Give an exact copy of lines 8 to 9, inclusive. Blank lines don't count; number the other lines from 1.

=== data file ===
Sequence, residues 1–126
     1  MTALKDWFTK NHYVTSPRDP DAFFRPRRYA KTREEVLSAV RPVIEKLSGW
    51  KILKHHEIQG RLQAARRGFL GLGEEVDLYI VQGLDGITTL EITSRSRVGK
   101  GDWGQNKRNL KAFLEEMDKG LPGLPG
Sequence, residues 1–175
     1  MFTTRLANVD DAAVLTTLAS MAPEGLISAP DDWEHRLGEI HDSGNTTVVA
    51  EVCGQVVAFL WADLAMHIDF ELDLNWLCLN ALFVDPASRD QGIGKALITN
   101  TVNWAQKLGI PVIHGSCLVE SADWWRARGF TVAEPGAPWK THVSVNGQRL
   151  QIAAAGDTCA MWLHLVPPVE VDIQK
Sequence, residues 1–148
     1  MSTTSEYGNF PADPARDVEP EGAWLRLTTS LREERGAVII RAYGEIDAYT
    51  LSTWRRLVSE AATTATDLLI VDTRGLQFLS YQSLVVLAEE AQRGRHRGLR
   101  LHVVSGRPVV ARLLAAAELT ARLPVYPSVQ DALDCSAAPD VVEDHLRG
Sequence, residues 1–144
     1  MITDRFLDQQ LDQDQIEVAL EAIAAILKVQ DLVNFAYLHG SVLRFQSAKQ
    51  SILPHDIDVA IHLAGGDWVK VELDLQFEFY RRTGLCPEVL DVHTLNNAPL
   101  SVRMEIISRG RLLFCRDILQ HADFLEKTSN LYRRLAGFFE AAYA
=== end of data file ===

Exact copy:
   101  TVNWAQKLGI PVIHGSCLVE SADWWRARGF TVAEPGAPWK THVSVNGQRL
   151  QIAAAGDTCA MWLHLVPPVE VDIQK